Chart of the Day: The Recession Still Isn’t Over For Most Of Us

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Jared Bernstein points us today to this chart from the Bureau of Labor Statistics. It shows how much worker compensation has changed since 2007.

The red line is the one to look at: it displays total compensation, including benefits like health insurance, paid leave, and so forth. As you can see, 80 percent of all workers—that is, everyone with an income less than about $65,000—saw their compensation fall. Only the top 20 percent saw their compensation go up, and only the top 10 percent saw it go up by more than a pittance.

The recession might be over for those with high incomes, but not for anybody else. For everyone with modest or low incomes, they’re still making less than they made in 2007.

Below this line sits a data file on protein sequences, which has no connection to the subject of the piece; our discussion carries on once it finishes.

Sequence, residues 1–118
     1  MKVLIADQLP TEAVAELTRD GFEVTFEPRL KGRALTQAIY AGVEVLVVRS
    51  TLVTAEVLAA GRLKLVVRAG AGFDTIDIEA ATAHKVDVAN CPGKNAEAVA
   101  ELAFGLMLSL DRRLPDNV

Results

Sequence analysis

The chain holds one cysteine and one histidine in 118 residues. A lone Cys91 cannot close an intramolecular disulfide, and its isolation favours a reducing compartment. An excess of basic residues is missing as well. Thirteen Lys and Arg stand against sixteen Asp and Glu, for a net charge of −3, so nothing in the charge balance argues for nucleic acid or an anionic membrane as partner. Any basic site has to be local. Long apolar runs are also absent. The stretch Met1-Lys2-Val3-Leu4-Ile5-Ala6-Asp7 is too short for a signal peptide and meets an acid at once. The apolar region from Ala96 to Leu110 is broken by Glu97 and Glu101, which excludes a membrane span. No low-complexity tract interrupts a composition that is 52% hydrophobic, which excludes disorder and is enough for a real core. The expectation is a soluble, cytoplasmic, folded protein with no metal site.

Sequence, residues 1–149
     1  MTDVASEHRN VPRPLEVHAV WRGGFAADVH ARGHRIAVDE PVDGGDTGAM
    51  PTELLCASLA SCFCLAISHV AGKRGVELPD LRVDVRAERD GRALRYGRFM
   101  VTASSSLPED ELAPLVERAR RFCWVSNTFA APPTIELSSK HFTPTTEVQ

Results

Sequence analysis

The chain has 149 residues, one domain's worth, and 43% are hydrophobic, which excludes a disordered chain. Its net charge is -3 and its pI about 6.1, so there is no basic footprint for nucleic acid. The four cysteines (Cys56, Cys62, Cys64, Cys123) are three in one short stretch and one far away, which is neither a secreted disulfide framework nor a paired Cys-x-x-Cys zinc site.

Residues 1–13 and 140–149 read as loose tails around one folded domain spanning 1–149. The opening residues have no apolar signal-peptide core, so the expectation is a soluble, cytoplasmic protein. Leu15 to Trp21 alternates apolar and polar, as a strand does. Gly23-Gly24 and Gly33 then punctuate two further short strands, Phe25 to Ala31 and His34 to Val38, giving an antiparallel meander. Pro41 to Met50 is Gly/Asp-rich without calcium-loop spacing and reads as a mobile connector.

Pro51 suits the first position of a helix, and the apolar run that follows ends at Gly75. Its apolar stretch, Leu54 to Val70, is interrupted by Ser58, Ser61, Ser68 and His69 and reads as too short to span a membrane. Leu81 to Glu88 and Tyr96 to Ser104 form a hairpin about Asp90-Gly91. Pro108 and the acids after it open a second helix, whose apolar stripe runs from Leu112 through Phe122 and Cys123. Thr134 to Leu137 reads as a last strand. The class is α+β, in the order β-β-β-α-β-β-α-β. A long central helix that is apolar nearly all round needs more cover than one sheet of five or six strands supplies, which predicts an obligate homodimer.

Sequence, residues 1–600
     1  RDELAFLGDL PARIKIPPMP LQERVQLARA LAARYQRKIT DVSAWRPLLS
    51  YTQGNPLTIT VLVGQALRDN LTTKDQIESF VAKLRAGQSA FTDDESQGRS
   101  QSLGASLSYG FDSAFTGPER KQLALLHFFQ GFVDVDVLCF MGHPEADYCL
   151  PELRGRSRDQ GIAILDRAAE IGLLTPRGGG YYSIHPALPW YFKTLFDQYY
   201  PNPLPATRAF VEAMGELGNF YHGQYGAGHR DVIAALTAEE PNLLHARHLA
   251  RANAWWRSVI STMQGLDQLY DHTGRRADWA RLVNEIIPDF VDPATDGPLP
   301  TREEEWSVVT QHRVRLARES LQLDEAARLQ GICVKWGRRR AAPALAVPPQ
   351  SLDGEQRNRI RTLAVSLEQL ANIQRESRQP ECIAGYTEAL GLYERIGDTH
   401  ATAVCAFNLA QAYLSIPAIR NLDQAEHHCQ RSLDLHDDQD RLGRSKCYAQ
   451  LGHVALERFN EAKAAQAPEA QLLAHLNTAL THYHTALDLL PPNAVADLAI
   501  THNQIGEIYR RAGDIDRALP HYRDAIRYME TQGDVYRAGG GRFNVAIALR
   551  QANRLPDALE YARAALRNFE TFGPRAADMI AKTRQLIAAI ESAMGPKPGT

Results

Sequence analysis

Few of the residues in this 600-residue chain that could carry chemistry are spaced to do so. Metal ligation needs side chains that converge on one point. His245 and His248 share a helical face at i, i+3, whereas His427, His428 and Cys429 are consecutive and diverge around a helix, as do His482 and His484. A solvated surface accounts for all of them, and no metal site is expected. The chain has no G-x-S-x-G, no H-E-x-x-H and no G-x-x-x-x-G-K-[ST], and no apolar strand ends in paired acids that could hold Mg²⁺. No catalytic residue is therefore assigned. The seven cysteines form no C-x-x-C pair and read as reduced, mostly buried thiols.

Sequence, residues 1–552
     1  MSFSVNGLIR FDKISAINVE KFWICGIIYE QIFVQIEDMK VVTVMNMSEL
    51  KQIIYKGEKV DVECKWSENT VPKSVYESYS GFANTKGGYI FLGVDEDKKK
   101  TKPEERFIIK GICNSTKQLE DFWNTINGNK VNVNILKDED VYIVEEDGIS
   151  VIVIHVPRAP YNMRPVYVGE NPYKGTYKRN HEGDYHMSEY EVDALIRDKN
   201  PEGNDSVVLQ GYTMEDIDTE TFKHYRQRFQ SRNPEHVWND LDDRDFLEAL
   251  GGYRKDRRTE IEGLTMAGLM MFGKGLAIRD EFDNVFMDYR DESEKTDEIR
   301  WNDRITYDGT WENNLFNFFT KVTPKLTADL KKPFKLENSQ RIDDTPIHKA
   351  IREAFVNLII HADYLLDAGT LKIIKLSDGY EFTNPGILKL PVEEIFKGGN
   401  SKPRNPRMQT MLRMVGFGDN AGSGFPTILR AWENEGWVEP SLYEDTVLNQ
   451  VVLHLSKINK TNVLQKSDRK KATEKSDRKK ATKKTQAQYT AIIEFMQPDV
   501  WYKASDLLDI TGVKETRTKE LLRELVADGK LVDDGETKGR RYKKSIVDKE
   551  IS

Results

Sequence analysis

DOES IT FEEL LIKE POLITICS IS AT A BREAKING POINT?

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It sure feels that way to me, and here at Mother Jones, we’ve been thinking a lot about what journalism needs to do differently, and how we can have the biggest impact.

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We aim to hire, build a team, and give them the time and space needed to understand how we got here and how we might get out. We want to dig into the forces and decisions that have allowed massive conflicts of interest, influence peddling, and win-at-all-costs politics to flourish.

It's unlike anything we've done, and we have seed funding to get started, but we're looking to raise $500,000 from readers by July when we'll be making key budgeting decisions—and the more resources we have by then, the deeper we can dig. If our plan sounds good to you, please help kickstart it with a tax-deductible donation today.

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Signed by Clara Jeffery

Clara Jeffery, Editor-in-Chief

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